There is this widespread idea that, if we went back in time, in a time tunnel to 100 years ago that lead directly to a classroom, we would have the weird feeling of being in a classroom that could easily pass for one from nowadays.
Are we trying to change education for real?
Are educators still solely focusing on students’ cognitive development? Is it enough to succeed in life?
What is success in times of liquid relations, cloud (not ground) files, speed-of-light spread of information, limited-concentration-span new physiology and organic mentality?
I have been flooded with many questions such as these ones, and sharing seems to reduce my anxiety a little. Although I don’t have the exact right answers to these questions, I did build up some personal statements.
So, here they go:
1- Social and emotional learning (SEL) plays an essential role in academic and life success. Schooling in all its forms must place a greater priority on developing students’ non-cognitive skills and character strengths. Deep inside, we all know that.
2- To hold information-age jobs in a very near future, students will need to think deeply about issues, solve problems creatively, work in teams, communicate clearly in many media, learn ever-changing technologies and deal with a nonstop flood of information. The rapid pace of changes in our world demands students to be flexible, take the initiative and lead whenever necessary, and to produce something new and useful. Therefore, traditional contents aren’t sufficient anymore.
3- Philosophy is fundamental to cope with the obstacles of the 21st century. Today there is so much interaction on your social media that self control is mandatory. Self controlling is a skill that leads me to Stoicism, an ancient philosophy that focuses on improving an individual’s ethical and moral well-being. Stoics stringently control their perceptions of the world around them to be able to manage emotions and see things as they truly are. According to Stoic philosophy, it is not the objects or events in our lives that cause problems; rather, it is our perception of such events that create issues. It’s not an easy lesson, but I think I have learned it: self-control, in a time of so many triggers and distractions in the digital universe, is an asset.
4- Children need more than syllabus, contents, questions and answers: they need a foundation of values, moral values – the difference between right and wrong (I know this is a dangerous zone to enter, but I write fearlessly about it). It’s important to be a comprehensive, tolerant, flexible and kind adult. Students have to see the black and the white, to separate the wheat from the chaff and to choose the light side of the Force. Even though it sounds a bit Manichean, let’s face it: children can’t see shades of any color, just the bright tones. So, in a few words, it is crucial to teach your children morals and ethics at home, and if not possible, to choose a school that is able to do it for you.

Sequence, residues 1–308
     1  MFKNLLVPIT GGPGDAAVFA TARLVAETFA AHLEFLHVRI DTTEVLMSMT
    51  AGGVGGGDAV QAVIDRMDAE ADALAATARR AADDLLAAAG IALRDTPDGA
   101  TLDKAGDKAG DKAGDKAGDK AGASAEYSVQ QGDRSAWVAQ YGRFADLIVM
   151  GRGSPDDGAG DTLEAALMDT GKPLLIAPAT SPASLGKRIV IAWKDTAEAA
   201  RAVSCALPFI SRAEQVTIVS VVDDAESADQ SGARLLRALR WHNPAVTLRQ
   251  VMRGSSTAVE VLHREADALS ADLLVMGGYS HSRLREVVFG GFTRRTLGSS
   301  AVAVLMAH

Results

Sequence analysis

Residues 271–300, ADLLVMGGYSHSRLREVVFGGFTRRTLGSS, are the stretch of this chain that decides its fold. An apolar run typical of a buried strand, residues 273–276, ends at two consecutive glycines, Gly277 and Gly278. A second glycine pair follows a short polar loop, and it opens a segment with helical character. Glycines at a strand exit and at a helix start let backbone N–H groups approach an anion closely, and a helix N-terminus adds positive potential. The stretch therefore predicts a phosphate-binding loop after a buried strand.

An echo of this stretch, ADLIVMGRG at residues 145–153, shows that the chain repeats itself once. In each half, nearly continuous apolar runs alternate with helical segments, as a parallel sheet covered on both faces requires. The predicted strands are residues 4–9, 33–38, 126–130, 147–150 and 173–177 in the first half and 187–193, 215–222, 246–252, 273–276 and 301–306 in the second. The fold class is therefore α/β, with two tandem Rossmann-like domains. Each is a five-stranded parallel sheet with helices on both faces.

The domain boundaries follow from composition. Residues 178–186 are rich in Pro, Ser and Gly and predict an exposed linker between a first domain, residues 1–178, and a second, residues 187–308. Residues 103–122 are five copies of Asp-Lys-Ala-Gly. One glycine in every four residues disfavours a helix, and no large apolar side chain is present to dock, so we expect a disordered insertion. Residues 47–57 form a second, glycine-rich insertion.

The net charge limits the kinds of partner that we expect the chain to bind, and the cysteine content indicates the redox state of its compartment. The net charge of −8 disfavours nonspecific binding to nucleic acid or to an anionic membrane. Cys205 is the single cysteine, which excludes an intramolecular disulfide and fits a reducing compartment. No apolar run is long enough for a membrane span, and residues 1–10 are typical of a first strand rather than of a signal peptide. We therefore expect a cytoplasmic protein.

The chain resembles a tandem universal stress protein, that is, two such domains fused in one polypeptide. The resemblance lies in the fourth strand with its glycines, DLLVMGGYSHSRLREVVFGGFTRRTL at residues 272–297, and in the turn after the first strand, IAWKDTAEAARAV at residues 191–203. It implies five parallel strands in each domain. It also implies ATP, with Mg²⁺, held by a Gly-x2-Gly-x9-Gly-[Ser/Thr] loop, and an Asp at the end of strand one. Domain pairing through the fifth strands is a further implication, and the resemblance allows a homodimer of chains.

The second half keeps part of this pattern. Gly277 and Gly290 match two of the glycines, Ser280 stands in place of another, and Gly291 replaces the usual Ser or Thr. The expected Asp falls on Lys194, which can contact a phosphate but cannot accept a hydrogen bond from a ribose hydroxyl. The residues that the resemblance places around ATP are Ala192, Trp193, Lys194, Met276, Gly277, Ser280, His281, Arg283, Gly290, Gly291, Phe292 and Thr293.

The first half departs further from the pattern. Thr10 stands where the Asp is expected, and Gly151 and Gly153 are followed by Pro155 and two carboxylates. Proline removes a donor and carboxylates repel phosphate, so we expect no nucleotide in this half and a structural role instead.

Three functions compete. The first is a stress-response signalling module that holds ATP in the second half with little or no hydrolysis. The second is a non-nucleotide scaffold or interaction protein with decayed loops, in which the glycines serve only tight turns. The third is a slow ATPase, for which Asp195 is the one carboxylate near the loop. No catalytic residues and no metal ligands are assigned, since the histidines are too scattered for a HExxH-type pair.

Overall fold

5- In order to choose the light side of the Force, students are expected to have the right skills for that. I usually say at my lectures that we, as educators or parents, are supposed to provide children with the fishing rod and not fish for them at all. Ok, this still works as a very important tip to be successful in raising your kids, but in the Information Era, the most effective rule of the new-come century is this: children have already learnt how to fish by looking it up on Google or playing video games. They should be taught how to sort out the appropriate fish in the pond, lake, river or sea.
6 – Perseverance is my number one strength of character. This is a top skill that can be taught. Although most of us learn it through trial and error, it can and should be taught, just like any other key skill or competency. Perseverance is the quality that allows someone to continue trying even in the face of difficulty, adversity or impossibility. Grit is another important skill aligned with perseverance.
The ability to persevere is necessary to develop a mindset for success because no one, no matter how talented, achieves everything every time. It is a necessary skill for discovering new ideas, and experiencing setbacks or failures, redrafting and replanning are all necessary steps towards developing it. Perseverance enables us to take risks, learn from our failures and forge ahead with new and better information.
By understanding so, it’s no wonder that Paul Tough’s ideas for the 21st Education are being so widespread and that his book ‘How Children Succeed’ became an undoubtedly bestseller.
I attended his lecture in Rio de Janeiro at an Education Conference powered by Eveva Education Group, during which he talked about these strengths of character and drew my attention by stating that adversity in childhood makes happier adults. He reinforced this idea of persevering and overcoming failure (we know that nowadays a great deal of kids can’t deal with failure, as they were told that they were born to always win!) as a way to achieve the success of having choices and knowing the best path to choose. Well, I couldn’t agree more. And, I must confess, I missed one single word: maturity.
It doesn’t matter if it is considered a condition or a skill, as long as we educators keep it in mind as a big step to strengthen character and develop other skills with the help of the Maturity friend.
Maturity, in the field of psychology, is considered the ability to respond to the environment in manners that are considered appropriate. Therefore, it is a response that is learned, rather than developed by instinct. Learning to fail, to lose, to fall, to get up and to insist on doing what you believe in is as important as academics. No cognitive skills lead to a better shaped cognition or a better retained knowledge, nor forms happy and successful adults.